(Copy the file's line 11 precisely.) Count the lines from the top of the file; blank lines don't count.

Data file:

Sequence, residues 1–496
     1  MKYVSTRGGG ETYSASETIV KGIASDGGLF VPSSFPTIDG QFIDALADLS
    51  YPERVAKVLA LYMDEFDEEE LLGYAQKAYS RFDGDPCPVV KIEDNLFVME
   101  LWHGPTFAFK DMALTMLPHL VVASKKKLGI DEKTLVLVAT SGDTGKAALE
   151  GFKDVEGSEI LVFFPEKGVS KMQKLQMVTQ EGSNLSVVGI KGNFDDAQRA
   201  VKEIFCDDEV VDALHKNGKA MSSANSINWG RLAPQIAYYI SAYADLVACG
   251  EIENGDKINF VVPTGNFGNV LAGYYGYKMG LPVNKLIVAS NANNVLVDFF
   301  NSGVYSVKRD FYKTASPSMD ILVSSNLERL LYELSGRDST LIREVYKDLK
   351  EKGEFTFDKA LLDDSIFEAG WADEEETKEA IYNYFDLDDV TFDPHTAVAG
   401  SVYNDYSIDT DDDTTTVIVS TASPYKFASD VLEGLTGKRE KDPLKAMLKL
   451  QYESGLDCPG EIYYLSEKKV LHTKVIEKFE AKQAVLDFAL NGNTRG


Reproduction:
   451  QYESGLDCPG EIYYLSEKKV LHTKVIEKFE AKQAVLDFAL NGNTRG